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Mechoulam, R., Parker, L. A. & Gallily, R. Cannabidiol: an overview of some pharmacological aspects. J. Clin. Pharmacol. 42(S1), 11S–19S (2002).

C.M. conceived the experiments, C.M. conducted the experiments, C.M., E.F., M.P. and M.L. analysed the results. All authors reviewed the manuscript.

Acknowledgements

In 2018, the FDA approved the only therapeutic application of cannabidiol, a pure, plant-based, pharmaceutical grade extract known as Epidiolex, for the treatment of two rare and severe forms of epilepsy, Lennox-Gastaut and Dravet syndromes. In clinical trials and research studies, CBD has been administered orally as either a capsule or dissolved in an oil solution. Unfortunately, its oral bioavailability has been estimated to be 6%, due to significant first-pass metabolism 12 , which has resulted in doses ranging from 100 up to 800 mg/day 13 . According to the manufacturer, GW Pharmaceuticals, Epidiolex costs a patient, without insurance, $32,500 per year hence, despite the high tolerance level of CBD 14 , routes with higher bioavailability, which in turn result in lower doses, would be particularly desirable. Inhalation of phytocannabinoids have been proved to be one of the most efficient administration route in terms of bioavailability with values reaching around 30% 15 . Besides smoking cigarettes, new devices have been developed to vaporize phytocannabidiols that use electric power to heat the product to the point of vaporization. Electronic cigarettes (EC) are battery-powered portable vaporizer devices and since their first introduction in 2003 as an alternative route to traditional tobacco for nicotine delivery system, they have steadily gained popularity among adults and adolescents becoming in the latter, a more common tobacco product than conventional cigarettes 16,17,18 . In EC, nicotine is dissolved in a solution made of variable ratios of two chemical compounds, namely propylene glycol (PG) and vegetable glycerine (VG), and added flavours to form a liquid, known as e-liquid, which is then vaporized by a coil. Several studies have shown that PG and VG can undergo thermal degradation during vaping to form toxic and potentially toxic compounds among which formaldehyde, acetaldehyde and acrolein 19 . Their concentration is strictly related to the operative conditions of the devices and increases with increasing temperatures due to high battery output voltages applied to EC 20 . Following the recent legalization of cannabis in some U.S. states, there has been a blooming of e-liquids containing cannabinoids on the market worldwide as a new drug delivery system. In particular, several CBD products have become available with a wide range of concentrations (from 10 up to 100 mg per mL of solution) and medicinal claims. The continuous misleading labels of these products prompted the FDA in 2015 and 2016 to issue warning letters to companies marketing an unapproved drug in their products for therapeutic benefits 21 . Furthermore, two separated studies have highlighted the discrepancy between the declared labelled concentrations of cannabinoids and the real contents. Indeed, Pearce et al. analysed two commercial marijuana e-liquids claiming to contain 3.3 mg/mL CBD and found that the real contents were around twice as much 22 . In 2017, FDA carried out tests on the chemical content of CBD in commercially available products confirming this label inaccuracy 23 . Another aspect that needs to be addressed is the storage stability of e-liquids containing CBD. To date no studies have been published on the influence of storage conditions on the quality of these products. These lacking data are extremely important considering the chemical stability of CBD that undergoes oxidation in presence of oxygen to form mono- and dimeric hydroquinones and degradation when exposed to light 24 . Temperature could be another important factor in terms of quality of the final product to be monitored during shipping and storage. The aim of these studies was to investigate the feasibility of EC as a potential alternative CBD delivery system by gaining information on the actual state of the accuracy in labelling e-liquids containing CBD and by providing explorative data on their best storage conditions.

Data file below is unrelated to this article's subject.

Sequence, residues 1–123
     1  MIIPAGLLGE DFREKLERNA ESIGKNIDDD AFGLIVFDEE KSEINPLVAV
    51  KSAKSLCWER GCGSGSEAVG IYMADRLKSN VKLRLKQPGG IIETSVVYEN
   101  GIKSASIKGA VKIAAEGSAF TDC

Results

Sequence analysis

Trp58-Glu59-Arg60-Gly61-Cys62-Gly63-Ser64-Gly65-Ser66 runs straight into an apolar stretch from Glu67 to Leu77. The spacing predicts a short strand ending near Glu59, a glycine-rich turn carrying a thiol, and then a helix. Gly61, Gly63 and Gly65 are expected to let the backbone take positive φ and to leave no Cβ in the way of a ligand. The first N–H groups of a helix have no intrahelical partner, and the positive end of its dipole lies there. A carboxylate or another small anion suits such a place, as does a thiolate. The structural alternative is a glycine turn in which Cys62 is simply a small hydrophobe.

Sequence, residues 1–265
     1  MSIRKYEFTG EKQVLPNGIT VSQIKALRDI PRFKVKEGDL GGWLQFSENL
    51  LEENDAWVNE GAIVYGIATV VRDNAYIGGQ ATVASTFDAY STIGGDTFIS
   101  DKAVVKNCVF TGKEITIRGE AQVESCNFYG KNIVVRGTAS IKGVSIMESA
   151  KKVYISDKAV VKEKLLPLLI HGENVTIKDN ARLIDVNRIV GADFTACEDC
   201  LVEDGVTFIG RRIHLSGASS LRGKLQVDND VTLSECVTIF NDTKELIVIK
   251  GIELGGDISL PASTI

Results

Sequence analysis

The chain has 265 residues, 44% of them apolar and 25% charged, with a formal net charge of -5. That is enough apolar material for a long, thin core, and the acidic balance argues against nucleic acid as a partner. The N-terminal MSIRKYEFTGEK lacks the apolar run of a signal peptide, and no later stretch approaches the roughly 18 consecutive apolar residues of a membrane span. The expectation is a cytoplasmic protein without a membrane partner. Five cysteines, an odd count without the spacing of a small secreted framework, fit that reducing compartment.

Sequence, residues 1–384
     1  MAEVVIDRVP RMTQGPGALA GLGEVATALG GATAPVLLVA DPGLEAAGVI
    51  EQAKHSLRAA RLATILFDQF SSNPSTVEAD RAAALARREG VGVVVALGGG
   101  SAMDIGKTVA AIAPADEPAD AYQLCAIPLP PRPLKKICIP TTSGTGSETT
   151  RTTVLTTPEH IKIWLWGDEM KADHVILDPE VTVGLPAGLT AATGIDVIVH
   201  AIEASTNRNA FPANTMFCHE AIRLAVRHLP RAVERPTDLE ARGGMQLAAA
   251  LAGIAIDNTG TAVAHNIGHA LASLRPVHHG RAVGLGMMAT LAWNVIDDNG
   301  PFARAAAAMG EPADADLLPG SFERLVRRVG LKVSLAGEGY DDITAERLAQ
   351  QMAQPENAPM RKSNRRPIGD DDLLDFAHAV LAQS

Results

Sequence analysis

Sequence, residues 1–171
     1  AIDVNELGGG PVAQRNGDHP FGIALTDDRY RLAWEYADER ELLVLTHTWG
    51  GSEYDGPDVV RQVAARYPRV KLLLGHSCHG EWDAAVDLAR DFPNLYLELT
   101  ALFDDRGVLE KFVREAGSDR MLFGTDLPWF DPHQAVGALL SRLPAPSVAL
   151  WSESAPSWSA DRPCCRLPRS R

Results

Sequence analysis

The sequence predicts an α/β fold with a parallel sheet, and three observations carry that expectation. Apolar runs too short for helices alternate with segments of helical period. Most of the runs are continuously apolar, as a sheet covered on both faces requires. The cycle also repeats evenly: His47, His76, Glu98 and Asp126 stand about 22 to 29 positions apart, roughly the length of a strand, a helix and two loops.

The effect of light on the thirteen samples was also investigated by storing the solutions for 30 days at RT (same samples used for the thermal stability studies) placing alongside two identical samples of 1 mL each, one wrapped in aluminium foil (dark control, Table 2 entry CF at RT), under a natural day light exposure. Results (Table 3, percent difference rt + photo) showed a net detrimental effect of light on the chemical stability of CBD with an average decrease in the CBD concentration of 13% against samples conserved in the dark which showed an average decrease of 4%. Statistical analyses indicated that samples D, E, H, M, O did not undergo to a significant CBD decrease between treatments while all the other were significantly affected in their final CBD concentration by light exposure.

Grotenhermen, F. Cannabis and Cannabinoids-Pharmacology, Toxicology, and Therapeutic Potential (eds Grotenhermen, F. & Russo, E.) 55–65 (Haworth Press, 2002).